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In 2016, Donald Trump showed the world just how powerful a simple catchphrase can be. It’s safe to assume Pierre Poilievre and his political advisers were paying close attention to the rhetorical power of the former U.S. president’s call to “Make America Great Again.” After all, Poilievre has developed a catchphrase of his own with his now-familiar call to “Fire the Gatekeepers.” Whether he’s talking about global energy policy or the pileup at Pearson International Airport, Poilievre always turns to that simple political prescription. And so far, at least, it seems to be working.

Poilievre’s campaign website defines these “Gatekeepers” as “the consulting class, politicians, bureaucrats, or agencies,” all of whom apparently “create roadblocks for progress and charge a hefty fee for anyone who would want to build anything.” In Poilievre’s world, they’re responsible for everything from blocked pipeline projects to soaring house prices in major markets like Toronto and Vancouver.

There’s a big problem with this formulation: gatekeepers actually serve an important function in our society. They routinely (and often quietly) protect citizens from all manner of danger, whether that’s corporate malfeasance or government corruption. The Walkerton E. coli outbreak, which killed seven people and made roughly half the town’s 5,000 residents sick, is the most obvious example of what can happen when gatekeepers get sidelined.

Ironically, nowhere is the importance of that gatekeeping function more obvious right now than the wild world of cryptocurrency, one that Poilievre enthusiastically endorsed (and encouraged people to “opt into”) just a few months ago. Just ask the Ontario couple who lost more than $370,000 in a recent cryptocurrency scam, one where they placed their trust in “an alleged reputable investment company” that was anything but.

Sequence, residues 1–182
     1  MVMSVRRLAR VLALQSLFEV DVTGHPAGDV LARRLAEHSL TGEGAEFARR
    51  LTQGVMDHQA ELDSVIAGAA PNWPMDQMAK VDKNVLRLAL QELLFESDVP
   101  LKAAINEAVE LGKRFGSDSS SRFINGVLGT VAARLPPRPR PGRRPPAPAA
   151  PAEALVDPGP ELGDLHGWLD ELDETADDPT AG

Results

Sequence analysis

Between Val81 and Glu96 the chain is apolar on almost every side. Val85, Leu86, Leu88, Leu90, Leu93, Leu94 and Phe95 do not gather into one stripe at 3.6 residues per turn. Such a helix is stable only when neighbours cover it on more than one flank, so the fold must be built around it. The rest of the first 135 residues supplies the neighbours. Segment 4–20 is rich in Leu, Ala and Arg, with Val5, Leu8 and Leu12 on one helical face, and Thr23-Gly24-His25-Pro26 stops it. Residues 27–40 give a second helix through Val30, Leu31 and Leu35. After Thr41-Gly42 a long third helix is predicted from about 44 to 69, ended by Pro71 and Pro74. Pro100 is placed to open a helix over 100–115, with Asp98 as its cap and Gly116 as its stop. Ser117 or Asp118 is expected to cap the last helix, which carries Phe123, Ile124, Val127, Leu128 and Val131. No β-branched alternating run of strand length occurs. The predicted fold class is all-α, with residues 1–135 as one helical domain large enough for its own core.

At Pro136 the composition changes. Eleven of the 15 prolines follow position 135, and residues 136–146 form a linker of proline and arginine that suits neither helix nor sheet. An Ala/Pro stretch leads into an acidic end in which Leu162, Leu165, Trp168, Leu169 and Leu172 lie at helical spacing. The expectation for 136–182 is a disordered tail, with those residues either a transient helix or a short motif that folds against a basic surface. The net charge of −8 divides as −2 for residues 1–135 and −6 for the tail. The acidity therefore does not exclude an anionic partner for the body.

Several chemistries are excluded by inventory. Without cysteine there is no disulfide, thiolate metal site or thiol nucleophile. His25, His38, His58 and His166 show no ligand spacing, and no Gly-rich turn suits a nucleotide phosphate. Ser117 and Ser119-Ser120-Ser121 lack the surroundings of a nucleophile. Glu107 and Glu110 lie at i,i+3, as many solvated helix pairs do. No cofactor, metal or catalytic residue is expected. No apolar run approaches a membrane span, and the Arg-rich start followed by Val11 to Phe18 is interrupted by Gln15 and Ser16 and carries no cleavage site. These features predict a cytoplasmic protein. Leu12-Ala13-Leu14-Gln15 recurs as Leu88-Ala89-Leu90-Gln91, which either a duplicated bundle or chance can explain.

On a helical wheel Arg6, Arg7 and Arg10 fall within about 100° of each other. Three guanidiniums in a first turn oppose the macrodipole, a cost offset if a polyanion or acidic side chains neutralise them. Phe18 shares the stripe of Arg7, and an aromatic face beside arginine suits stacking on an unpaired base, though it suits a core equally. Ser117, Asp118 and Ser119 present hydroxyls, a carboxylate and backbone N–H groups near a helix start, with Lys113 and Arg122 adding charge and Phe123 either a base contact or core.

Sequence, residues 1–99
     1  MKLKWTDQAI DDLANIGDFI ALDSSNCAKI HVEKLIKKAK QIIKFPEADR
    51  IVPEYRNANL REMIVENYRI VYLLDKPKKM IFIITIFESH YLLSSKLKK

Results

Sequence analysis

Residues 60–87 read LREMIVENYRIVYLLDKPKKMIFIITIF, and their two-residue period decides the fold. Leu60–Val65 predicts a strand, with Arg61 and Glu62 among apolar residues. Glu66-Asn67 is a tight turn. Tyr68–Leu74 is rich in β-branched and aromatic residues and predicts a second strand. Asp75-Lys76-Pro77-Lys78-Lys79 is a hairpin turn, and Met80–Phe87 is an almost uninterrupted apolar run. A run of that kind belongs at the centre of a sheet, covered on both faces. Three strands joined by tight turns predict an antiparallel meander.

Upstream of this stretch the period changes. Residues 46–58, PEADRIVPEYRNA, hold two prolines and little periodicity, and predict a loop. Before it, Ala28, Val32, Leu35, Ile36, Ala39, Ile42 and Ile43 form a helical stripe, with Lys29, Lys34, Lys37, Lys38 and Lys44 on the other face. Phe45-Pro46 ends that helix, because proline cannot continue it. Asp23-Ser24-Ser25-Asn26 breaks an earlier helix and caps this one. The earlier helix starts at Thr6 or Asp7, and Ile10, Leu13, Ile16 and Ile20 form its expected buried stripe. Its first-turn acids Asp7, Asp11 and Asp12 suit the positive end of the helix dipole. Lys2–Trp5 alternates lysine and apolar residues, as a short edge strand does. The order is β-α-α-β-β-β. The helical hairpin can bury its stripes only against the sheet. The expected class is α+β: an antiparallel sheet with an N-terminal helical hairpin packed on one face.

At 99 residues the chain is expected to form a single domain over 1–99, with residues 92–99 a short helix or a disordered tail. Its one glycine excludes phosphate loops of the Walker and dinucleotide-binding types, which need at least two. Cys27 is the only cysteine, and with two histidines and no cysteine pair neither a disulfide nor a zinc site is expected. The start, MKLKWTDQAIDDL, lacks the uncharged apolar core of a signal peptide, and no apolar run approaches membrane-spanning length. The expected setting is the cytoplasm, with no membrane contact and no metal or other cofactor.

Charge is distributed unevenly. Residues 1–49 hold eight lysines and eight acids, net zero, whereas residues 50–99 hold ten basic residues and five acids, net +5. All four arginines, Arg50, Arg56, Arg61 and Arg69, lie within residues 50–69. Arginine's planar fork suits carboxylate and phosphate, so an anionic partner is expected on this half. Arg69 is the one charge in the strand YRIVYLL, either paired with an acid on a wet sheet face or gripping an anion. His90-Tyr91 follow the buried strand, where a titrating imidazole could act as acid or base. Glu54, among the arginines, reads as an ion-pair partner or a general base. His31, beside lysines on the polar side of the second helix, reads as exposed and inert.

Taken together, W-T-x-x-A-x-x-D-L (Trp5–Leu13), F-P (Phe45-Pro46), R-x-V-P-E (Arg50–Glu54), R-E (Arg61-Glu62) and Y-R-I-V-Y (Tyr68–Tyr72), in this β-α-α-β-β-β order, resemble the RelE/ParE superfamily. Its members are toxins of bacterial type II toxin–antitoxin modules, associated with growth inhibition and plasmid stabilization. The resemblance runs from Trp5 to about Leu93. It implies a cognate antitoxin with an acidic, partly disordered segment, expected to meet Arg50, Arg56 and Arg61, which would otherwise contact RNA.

They’re hardly alone in getting swindled by cryptocurrency entrepreneurs. Celsius Network, a major U.S.-based crypto lender, owed more than $4.7 billion to its 1.7 million customers when it went belly-up earlier this month, and those people will be lucky if they see pennies on their dollars when all is said and done. Michael Saylor, a so-called Bitcoin “whale,” urged governments to step in and regulate the industry before more people lose their metaphorical shirts. “The general public shouldn’t be buying unregistered securities from wildcat bankers that may or may not be there next Thursday,” he said.

Michael Chong, a long-standing Conservative MP and former cabinet colleague of Poilievre, seems to agree. “House prices have doubled in 6 years — and are now crashing,” he tweeted. “And now some stable coins and crypto schemes are collapsing — and others are frauds and Ponzi schemes. Where are the regulators? Where is the government in protecting the finances of Canadians?” Where, in other words, are the gatekeepers?